In recent years I developed a theory of non-harmonic (also described as Trapped) waves of Geophysical Fluid Dynamics based on the formulation of a time-independent, Schrodinger eigenvalue equation for zonally propagating wave of the Rotating Shallow Water Equations (AKA Laplace Tidal Equations). The energy levels of the eigenvalue equation provide explicit expressions for the phase speeds of the waves and the associated eigenfunctions describe the meridional amplitude structure of the various waves. This formulation is relevant to many physical settings including the mid-latitude f-/\(\beta-\) plane, the equatorial \(\beta-\)plane and the spherical Earth. In particular, this formulation provided, for the first time, explicit expressions for the dispersion relations of Planetary (Rossby) waves and Inertia-Gravity (Poincare) waves on the spherical Earth (i.e. a rotating sphere but without the centrifugal acceleration. In additon to providing approximate, but highly accurate expressions for Planetary and Inertia-Gravity waves on the spherical earth the formulation of the  Schrodinger eigenvalue equation has provided a clear demonstration that Yanai wave (AKA the mixed Rossby-Gravity mode) exists on a sphere but for different reasons than on the equatorial \(\beta-\)plane: In the latter this wave exists only because the second westward propagating wave is associated with singular zonal velocity while on a sphere the approximate solution by the Schrodinger equation yields an unacceptable (complex) phase speed near the gravity wave phase speed.

In contrast to the planar theories where Kelvin waves exist as additional modes to Inertia-Gravity waves (e.g. modes in which one velocity component vanishes identically so the other velocity and the height fields solve the three scalar Rotating Shallow water Equations) on a sphere these waves do not exist at all but the eastward propagating Inertia-Gravity n=0 mode is nearly non-dispersive.                

These theoretical advances enabled the construction of test cases for the dynamical cores of global scale General Circulation Models and the explicit expressions have also been applied in the interpretation of satellite borne observations of Sea Surface Height Anomalies in the Indian Ocean south of Australia where the nearly zonal coast provides the "wall" at which the waves are Trapped.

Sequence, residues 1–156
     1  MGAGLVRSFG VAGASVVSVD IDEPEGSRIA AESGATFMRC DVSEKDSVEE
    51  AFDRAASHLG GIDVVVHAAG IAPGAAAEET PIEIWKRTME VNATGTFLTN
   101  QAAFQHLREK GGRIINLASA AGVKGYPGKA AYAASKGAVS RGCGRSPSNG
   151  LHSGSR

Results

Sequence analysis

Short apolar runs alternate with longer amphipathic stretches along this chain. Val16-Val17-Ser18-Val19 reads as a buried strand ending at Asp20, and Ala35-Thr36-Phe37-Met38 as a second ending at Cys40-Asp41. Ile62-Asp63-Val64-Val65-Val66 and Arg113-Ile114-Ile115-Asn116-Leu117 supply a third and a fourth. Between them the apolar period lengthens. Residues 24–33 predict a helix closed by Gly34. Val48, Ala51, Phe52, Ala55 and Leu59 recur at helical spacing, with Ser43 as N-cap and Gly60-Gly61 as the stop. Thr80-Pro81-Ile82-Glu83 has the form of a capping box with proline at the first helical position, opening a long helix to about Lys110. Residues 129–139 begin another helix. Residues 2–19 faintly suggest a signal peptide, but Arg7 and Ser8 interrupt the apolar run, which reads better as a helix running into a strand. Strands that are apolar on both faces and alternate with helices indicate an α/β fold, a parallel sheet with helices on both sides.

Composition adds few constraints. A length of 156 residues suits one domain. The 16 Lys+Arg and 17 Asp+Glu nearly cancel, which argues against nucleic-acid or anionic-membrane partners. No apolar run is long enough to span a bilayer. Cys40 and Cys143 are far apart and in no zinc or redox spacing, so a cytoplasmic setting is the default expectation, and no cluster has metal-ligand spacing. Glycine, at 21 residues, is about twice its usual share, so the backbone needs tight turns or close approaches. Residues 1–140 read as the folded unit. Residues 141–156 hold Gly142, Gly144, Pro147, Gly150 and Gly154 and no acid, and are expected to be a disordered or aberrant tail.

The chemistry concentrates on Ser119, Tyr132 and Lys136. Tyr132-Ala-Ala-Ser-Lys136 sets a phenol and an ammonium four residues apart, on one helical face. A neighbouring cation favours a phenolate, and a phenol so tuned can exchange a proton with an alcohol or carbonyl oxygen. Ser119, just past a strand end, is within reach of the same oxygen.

My book entitled “Shallow Water Waves on the Rotating Earth” which was published by Springer in 2015 provides the details of this unified approach to the known waves of Geophysical Fluid Dynamics

My recent CV and list of publications

My updated list of publications

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Yeala Shaked

Yeala Shaked

Associate Professor
Room 16 South
972-8-6360139

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Research Interests 

As a marine biogeochemist, my interest revolves around the interactions between organisms and their environment, with emphasis on trace metal bioavailability to phytoplankton and redox transformations. I am intrigued by the fact that microorganisms, striving to acquire nutrients and protect themselves from external stressors, actively modify their chemical milieu and in turn influence the biogeochemical cycles of trace and major elements in the ocean. I study fundamental processes and mechanisms by combining field and laboratory measurements and experiments.

 

Ongoing and future projects:

  • Dust as a source of iron to Trichodesmium, a globally significant phytoplankton
  • Bioavailability of iron to phytoplankton

 

Get in touch: yeala.shaked@mail.huji.ac.il

 

 

Curriculum Vitae